How To: Switch Access frontend by VBA without leaving Access


I had a friend ask me today:

I need your help in the following situation:

I am creating an application with multiple microsoft access files that act as front-end and a sql server database as back-end, I need to change ms access file to another in a single instance, for this I am creating a custom backstage view, but no way to change that file access without having to create a new instance. I know how to create the command in the backstage view, but i do not know which VBA code to use to accomplish my task. to better clarify my question.
Thank you very much in advance.

TLDR: To Loong Didn’t Read

Skip to bottom for solution.

The Story

This time I will try to post my “trip” to solving this particular problem. If you are not interested skip to the bottom for the working code samples.
I know its possible to do this by using Shell to invoke a new Access and then simply close the “old” access. However that is slightly different than what was requested. So I started up access and created 2 test databases, and very original of me I named them Database1 and Database2. (And I usually hazzle people about not naming their fields and controls properly. Shame on me)

Anyway, added a button to a form in Database1 and used the following code:

Upon clicking Database1 would close, but Database2 would not open. Inserting a debug point on the line with OpenCurrentDatabase showed me that the line is never executed. As the database closing is somewhat similar to Quit. This means that the next line is never executed because the application has shut down. I also try to use the OpenCurrentDatabase without closing the active database first which just gives an error.

At this point I realize I need something that runs external to access, but which can be activated from Access. Vbscript is the nearest leap for me, mostly since I already know the syntax as it is similar to VBA. I also see that the path ahead of me is lined up in a few different parts. Executing the vbscript from the active access, closing the db from the script, and opening a new db from the script. The important part at this point is to break up the task into smaller manageable parts, analyze them and then work on them. The analyze part is pretty important. Alot of people want to skip ahead to just work/code on the first part, but before I spend alot of time on part 1, I want to ensure that all parts are atleast feasible. No reason to polish up the first 2 parts if I cannot get part 3 to even run.

With this in mind, the first thing I want to try is to create a vbscript that can be used to automate access. So my first vbscript looked like this:

To make your own vb script you start up notepad and when you save the file save it with the .VBS extension.
The purpose at this point simply to try and see if I can use the vbscript to get a working handle on the access application. Running it directly from the explorer window (doubleclick), it worked just fine, if only 1 access application is open (more on that later).

So the next step is to see if I can close the active access database, without exiting access itself, and then open a new database. So I modified my script to read:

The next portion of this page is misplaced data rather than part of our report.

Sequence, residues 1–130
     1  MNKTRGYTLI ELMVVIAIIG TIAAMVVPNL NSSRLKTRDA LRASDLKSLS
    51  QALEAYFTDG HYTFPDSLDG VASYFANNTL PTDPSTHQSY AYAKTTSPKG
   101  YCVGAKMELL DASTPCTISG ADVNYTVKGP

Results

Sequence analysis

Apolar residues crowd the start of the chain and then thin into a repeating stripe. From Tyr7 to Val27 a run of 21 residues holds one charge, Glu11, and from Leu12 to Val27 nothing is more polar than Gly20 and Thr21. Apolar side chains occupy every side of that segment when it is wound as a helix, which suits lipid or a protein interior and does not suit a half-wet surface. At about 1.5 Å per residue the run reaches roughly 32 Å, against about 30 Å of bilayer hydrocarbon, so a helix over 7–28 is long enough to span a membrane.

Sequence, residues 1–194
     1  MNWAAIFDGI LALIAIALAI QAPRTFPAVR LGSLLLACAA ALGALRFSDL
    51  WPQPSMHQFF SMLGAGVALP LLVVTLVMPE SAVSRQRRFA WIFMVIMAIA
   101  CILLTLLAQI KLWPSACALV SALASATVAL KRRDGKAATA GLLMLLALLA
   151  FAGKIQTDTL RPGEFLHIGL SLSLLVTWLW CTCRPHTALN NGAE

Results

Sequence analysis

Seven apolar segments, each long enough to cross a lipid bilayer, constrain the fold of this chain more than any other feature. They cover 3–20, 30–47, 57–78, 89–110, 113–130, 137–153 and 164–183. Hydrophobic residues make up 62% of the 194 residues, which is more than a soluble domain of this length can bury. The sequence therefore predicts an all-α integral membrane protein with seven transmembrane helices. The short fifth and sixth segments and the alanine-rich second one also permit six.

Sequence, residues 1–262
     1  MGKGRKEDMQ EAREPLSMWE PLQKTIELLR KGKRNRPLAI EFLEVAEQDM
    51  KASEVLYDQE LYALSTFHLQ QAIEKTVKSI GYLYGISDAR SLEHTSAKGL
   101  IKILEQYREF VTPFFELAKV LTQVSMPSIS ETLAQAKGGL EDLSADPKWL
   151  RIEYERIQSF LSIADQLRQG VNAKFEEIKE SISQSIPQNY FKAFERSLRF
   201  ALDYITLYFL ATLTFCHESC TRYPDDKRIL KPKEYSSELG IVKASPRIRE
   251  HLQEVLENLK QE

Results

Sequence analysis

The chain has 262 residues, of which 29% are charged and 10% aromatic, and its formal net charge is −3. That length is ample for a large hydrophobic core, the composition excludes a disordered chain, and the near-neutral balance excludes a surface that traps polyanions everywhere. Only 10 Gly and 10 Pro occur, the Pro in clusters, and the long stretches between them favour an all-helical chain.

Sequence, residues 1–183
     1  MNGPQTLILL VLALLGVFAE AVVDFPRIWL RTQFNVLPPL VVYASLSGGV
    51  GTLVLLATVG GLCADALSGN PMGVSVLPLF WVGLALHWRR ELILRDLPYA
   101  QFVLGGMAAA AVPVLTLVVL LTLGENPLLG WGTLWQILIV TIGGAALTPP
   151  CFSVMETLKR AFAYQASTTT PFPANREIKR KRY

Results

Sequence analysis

Tested it again, and it worked like I wanted it to. The active database was closed and Database2 was opened. At this point I realize it is likely that this might not work in a pure run-time environment (That is client does not have access installed but is using the run-time library instead), since in that instance it would not make much sense to leave access open without anything to run. Just a word of caution.

So next step is to try and see if I can run the vbscript from within access, or if it will lock up on me, the vbscript trying to close the database that called the script in the first place. Well, going to give it a try.

So I open my Database1, and add a button to my form, and for the click event I write:

This worked fine, and closed the active database and opened Database2, but the FollowHyperlink gave a warning about vbs files being potentially unsafe. Something to worry about later. At least it is working at this point.

Moving on, I want to make the vb script more flexible, so that I can pass parameters to it, more specifically pass it the path of the database I wish to open.

I spent some trying to modify my code, but couldn’t get it to work with FollowHyperlink. So googled “Alternative to FollowHyperlink” and came up with this:

which lead me to this

So to make it work I need to call a windows API from within Access. It is actually not that hard.

First I must declare the API and I usually do this in a single module in my databases to keep all the API in one place. Directly copied from the links above, my stand-alone module now reads:

Note that none of the parameters are optional in the sense we know it from VBA, but if you look up the syntax on ShellExecute you will find that you can actually pass empty strings or 0 in some cases. So they must be provided but may in some cases be left meaningless (empty).

So I now modified my button click event to read:

Of course I also need to modify my vb script to take advantage of the new parameter instead of being hardcoded to always open database2.

It now looks like this, and note that I added a check to see if any parameters were provided:

And while testing this it also turns out I no longer get the security warning from before, which is nice. It makes it appear much more professional in my opinion.
All in all, I am now at the point of having a working solution to my problem. I have found “a” path trough my initial steps. Now that I now it is possible, it is time to start wondering about improving and finetuning the bits.

You may recall that there are potential problems if multiple access are open simultaneously. That is because GetObject will just return the first instance it finds. So we want to make sure we get the right access application before telling it to close the application. I can do this by modifying my GetObject syntax like so: